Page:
Klim Kostin (RW, 6-foot-3, 212 pounds, acquired: 1st Rd {31st overall} 2017): Kostin (pictured) was a highly-regarded draft prospect coming out of Russia in 2017 but opted for the less-conventional route by skipping the KHL to serve as an understudy in the AHL. He improved in each of his last two seasons with San Antonio, and last season was one of their top players, scoring 13 goals and adding 17 assists in 48 games. That was enough for the Blues to give him a four-game look, and the bruising power winger even scored his first NHL goal. Kostin finally got his chance to play in the KHL following the shutdown, however, and it looks like he’ll remain there until his season is complete. Through Thursday, Kostin has 17 points (6 goals, 11 assists) in 38 games for Omsk but has been red hot of late.

Prospects to Watch

LHD Tyler Tucker

Tucker is a physical two-way defenseman who can deliver massive hits and hammer the puck with authority. He was drafted in the seventh round in 2018 but since that time had established himself as one of the OHL’s most feared blueliners. He was a team leader for the Barrie Colts and last season was traded to Flint, where he finished the season with 17 goals and 56 points. It might take him a season or two to find his offense as a rookie AHL’er, but Tucker isn’t the type to get intimidated or humbled by his surroundings. Look for him to make statement hits early into his rookie season.

Texas (DAL)

2020-21 Camp Roster

Joel Kiviranta (LW, 5-foot-10, 176 pounds, acquired: undrafted free agent): Kiviranta introduced himself on the world stage with his stellar playoff performance (five goals in 14 games) for Dallas but he played reasonably well (12 goals, 23 points in 48 games) for the duration of his first AHL campaign. His long-term role is probably that of a solid third liner who can contribute a dozen goals a season.

Adam Mascherin (LW, 5-foot-10, 205 pounds, acquired: 4th Rd {100th overall} 2018): Mascherin was originally the 38th overall pick by Florida back in 2016 but he didn’t sign with the team and re-entered the 2018 draft. Mascherin is a thick, stocky kid with a big shot, but again, his foot speed is in question and his path to effectiveness at the NHL level would appear to be rather limited. Mascherin scored just four goals in 30 AHL games last season but should be leaned on as a team leader in 2020-21.

Jake Oettinger (G, 6-foot-5, 205 pounds, acquired: 1st Rd {26th overall} 2017): The numbers have always showed it, but Oettinger has played well in his three-plus years in the Dallas organization. He’s big, calm in net, and athletic and those are traits that generally lead to success among goaltenders. Oettinger was slated to serve as Anton Khudobin’s backup with Ben Bishop out due to injury, but he already has appeared in five games with an impressive 2-0-2 mark, stellar 2.19 goals-against average, and a .919 save percentage.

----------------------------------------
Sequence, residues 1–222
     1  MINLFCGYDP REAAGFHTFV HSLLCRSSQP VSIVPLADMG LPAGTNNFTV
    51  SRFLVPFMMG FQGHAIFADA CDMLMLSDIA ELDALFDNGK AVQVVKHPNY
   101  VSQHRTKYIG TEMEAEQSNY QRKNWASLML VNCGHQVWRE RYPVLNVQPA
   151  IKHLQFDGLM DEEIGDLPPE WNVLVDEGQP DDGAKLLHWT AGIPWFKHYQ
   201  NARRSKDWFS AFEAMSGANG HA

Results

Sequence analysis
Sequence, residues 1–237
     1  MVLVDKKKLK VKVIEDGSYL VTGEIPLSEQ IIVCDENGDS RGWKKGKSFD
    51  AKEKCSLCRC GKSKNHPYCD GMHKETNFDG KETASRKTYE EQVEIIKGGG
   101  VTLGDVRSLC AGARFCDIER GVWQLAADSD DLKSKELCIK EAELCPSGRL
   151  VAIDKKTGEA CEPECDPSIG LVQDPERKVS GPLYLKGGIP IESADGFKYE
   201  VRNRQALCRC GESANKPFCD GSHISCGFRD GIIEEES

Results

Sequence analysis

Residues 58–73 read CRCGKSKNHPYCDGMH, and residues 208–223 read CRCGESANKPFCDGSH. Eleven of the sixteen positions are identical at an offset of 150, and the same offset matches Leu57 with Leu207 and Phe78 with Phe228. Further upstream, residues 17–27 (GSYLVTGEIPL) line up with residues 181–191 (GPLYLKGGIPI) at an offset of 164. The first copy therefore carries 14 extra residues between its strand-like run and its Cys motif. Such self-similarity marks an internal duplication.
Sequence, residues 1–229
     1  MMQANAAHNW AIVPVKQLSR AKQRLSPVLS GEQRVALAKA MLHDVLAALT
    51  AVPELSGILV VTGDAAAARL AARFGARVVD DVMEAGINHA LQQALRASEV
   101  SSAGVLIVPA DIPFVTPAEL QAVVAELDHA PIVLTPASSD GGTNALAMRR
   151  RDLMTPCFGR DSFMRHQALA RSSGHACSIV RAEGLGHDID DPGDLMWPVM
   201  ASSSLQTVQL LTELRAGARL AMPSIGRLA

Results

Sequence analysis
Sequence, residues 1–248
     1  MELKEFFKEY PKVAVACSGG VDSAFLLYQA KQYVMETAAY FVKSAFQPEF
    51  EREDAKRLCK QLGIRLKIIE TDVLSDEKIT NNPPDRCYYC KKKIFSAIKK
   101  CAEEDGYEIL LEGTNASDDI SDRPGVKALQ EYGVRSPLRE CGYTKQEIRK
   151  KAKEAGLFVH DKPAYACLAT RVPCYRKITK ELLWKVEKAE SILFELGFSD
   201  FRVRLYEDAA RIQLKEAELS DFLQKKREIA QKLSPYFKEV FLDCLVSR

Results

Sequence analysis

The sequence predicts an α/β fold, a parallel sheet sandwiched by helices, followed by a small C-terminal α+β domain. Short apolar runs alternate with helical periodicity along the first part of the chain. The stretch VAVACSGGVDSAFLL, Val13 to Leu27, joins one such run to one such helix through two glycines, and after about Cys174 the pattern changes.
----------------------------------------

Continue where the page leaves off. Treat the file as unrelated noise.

Jason Robertson (LW, 6-foot-2, 200 pounds, acquired: 2nd Rd {39th overall} 2017): Robertson would be a top-25 prospect were it not for the concerns regarding his skating. He elevated many of those worries by posting 25 goals and 47 points in 60 games in his first AHL campaign. Robertson is a cerebral offensive player with elite hockey sense. He’s going to do a ton of damage for Dallas with the man advantage.

Riley Tufte (LW, 6-foot-6, 230 pounds, acquired: 1st Rd {25th overall} 2016): Tufte played so poorly during his three years at Minnesota-Duluth that he may not have deserved an entry-level deal based upon merit. Of course, there was never any doubt he was getting a contract offer after Dallas blew a first rounder on him in 2016. Tufte has plenty of size and some physical gifts but I simply don’t think he’s a very good hockey player. His numbers during his first AHL season (three goals, 15 points in 53 games) were not inspiring. I’m out here barring something unforeseen changing.

Prospects to Watch

LHD Thomas Harley

A smooth-skating puck mover with quintessential power-play quarterbacking skills, Harley placed in the top 10 among OHL defensemen in every major category and suited up for Team Canada at the last world junior tournament, where he posted only one goal in seven games. Far from a shutdown type, Harley isn’t very demonstrative on the ice but seems to let his puck skills and wheels do most of the talking. Harley has all the makings of yet another point-producing machine off the blue line who was drafted and developed by Dallas.

LW Antonio Stranges

Stranges once was considered a potential first-round pick in the 2020 draft before he ultimately slid down to Round 4, and it’s probably because he never got going in Dale Hunter’s high-octane attack with the OHL’s London Knights. But there is no denying Stranges’ puck skills and vision, and his ability to use his “Mohawk” skating technique should continue to help him create time and space for himself regardless of the level or quality of competition. Texas doesn’t need him to be a dynamic offensive force just yet, so look for Stranges to make improvements off the puck and in the defensive zone.